Human Events Blog

The trouble with losing Jim DeMint

Jim Geraghty at National Review begs our pardon for not being “relentlessly upbeat about Thursday’s big news,” meaning the resignation of Senator Jim DeMint to become president of the Heritage Foundation:

Two years into a six year term, DeMint decided there was nothing going on in the Senate worth sticking around for, at least in the near future – another four years of President Obama, another two to four years of Senate Majority Leader Harry Reid. No conservative reform likely to be enacted, no likely prospect of constructive compromise, nothing likely to get done. That is some depressing stuff there, brother.

We have a movement full of people who love their country and who are terrified of the course that it continues to careen along. We go to them, and we ask them for their votes, for their time, and for their money. And they give all of those. One of the things we have asked them to do is help elect lawmakers like Jim DeMint . . .

. . . and then DeMint sees something he wants to do more than serve in the Senate and suddenly he leaves without warning. And he does it right after our movement feels like it’s been kicked in the teeth by the electorate.

I mean, if Jim DeMint doesn’t see any point to remaining in the Senate for the next few years . . . why should we be so focused on the Senate ourselves?

Geraghy also mentions DeMint’s track record of supporting conservative Senate nominees such as Marco Rubio and Pat Toomey, and the way he was able to lend political strength to “some other lawmakers who might have been less politically secure, less able to take strong stands in less heavily-Republican states.”  Those are assets that don’t transfer readily to even the most high-profile private sector position.

One other problem is that while DeMint has vowed to use his voice to strengthen conservatism, and he’s bound to be influential in that capacity, the real problem at the moment is not a shortage of effective conservative voices in think-tanks and the media.  More are always welcome, of course.  But the conservative intellectual system has been generating excellent product for many years now, including the Heritage Foundation under DeMint’s predecessor.

A more serious problem, which DeMint’s departure from the Senate could make worse, is the tenuous connection between conservatism and the Republican Party.  Conservatives have lacked the political influence to implement their ideas, even in years when the Republican Party was doing fairly well.  Considering the heavy slant of the mainstream media and popular culture to the Left, conservatives do a very good job of communicating their core ideas to the public; many of those ideas fare very well in opinion polls.  The problem is that the public does not fully associate those ideas with the GOP.  In fact, during the last election, the public was willing to let Barack Obama and the Democrats poach some conservative principles, in part because the Republicans weren’t fighting tooth and nail to protect their ownership.  A sizable number of people told pollsters they thought Obama would be a better steward of private sector growth and personal liberty.  Quite a few even said they thought Obama was more likely to lower taxes.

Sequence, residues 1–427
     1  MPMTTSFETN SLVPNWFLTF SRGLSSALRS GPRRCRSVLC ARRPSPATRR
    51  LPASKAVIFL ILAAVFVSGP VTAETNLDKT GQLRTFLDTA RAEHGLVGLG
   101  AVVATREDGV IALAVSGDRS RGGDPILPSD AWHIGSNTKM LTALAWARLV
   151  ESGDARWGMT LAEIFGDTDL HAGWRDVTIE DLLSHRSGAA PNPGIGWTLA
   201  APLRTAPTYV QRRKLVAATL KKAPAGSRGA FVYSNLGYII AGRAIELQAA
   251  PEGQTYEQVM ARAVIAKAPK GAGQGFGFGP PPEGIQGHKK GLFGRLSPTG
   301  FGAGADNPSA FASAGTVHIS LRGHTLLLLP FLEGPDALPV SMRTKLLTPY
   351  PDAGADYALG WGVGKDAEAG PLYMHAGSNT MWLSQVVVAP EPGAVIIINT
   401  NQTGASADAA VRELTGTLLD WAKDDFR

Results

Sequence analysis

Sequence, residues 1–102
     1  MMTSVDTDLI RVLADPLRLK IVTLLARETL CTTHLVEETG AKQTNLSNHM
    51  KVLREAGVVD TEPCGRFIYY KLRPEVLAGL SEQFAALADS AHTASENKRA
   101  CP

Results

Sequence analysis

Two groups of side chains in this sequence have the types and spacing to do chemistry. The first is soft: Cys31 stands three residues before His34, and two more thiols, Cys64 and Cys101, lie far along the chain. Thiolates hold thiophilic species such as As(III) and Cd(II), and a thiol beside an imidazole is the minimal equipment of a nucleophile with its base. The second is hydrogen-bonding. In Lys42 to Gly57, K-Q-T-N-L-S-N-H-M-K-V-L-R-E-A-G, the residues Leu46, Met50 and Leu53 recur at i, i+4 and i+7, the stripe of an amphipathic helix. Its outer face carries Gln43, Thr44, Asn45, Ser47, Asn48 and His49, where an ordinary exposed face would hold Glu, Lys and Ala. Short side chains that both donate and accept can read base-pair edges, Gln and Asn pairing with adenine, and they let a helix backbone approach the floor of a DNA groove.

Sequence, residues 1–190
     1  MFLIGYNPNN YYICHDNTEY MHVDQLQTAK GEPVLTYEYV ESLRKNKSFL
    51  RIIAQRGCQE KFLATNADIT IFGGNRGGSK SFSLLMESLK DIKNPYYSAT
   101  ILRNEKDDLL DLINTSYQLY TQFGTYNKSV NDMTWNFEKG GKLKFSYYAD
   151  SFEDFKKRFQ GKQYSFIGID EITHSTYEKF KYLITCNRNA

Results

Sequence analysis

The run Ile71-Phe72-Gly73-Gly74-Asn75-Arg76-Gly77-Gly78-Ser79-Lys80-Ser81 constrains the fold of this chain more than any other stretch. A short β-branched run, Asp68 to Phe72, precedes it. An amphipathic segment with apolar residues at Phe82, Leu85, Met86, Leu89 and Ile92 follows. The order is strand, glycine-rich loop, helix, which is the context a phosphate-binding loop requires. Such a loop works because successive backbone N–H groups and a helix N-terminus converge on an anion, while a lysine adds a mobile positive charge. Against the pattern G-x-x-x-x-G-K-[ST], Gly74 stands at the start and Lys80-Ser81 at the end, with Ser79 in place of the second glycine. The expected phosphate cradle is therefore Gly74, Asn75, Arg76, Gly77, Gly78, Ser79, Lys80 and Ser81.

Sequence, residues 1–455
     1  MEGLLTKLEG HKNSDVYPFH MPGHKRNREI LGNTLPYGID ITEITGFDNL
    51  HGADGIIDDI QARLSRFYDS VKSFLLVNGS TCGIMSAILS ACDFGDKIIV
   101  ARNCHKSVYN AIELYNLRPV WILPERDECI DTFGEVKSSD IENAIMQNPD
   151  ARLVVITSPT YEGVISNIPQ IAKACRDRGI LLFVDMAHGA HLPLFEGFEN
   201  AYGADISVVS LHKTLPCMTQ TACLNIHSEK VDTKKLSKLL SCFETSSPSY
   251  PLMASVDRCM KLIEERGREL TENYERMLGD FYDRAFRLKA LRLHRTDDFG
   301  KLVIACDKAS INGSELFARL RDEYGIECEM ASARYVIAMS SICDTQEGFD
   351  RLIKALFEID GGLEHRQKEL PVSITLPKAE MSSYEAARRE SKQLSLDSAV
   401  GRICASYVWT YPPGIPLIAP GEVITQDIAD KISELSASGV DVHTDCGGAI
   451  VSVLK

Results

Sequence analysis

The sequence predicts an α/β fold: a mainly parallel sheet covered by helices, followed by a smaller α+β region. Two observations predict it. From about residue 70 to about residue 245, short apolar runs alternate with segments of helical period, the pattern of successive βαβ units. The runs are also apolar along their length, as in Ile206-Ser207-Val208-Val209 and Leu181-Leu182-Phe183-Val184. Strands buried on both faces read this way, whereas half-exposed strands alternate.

One of the most severe political problems for conservatives is that they’re perpetually scapegoated for public ills, even though it’s been decades since their big ideas were given serious application.  The one thing nobody in either the Republican or Democrat parties seems interested in seriously discussing at the moment is what we know, from the study of history, would work to pull us away from the fiscal cliff: lower taxes, economic growth, and aggressive reduction of the size of government.  The champions of those beliefs are lucky if they don’t get booted off their committees by the Republican leadership.

A stronger conservative movement is always desirable.  A more conservative Republican Party is the more pressing need, especially if we mean to defuse the pressure building for a disastrous third-party separation, or masses of conservative voters simply retreating into their bunkers to await the collapse of a government they no longer believe they can seriously influence.  Jim DeMint’s journey to the Heritage Foundation will surely benefit the cause of intellectual conservatism… but at what cost to its practical application?

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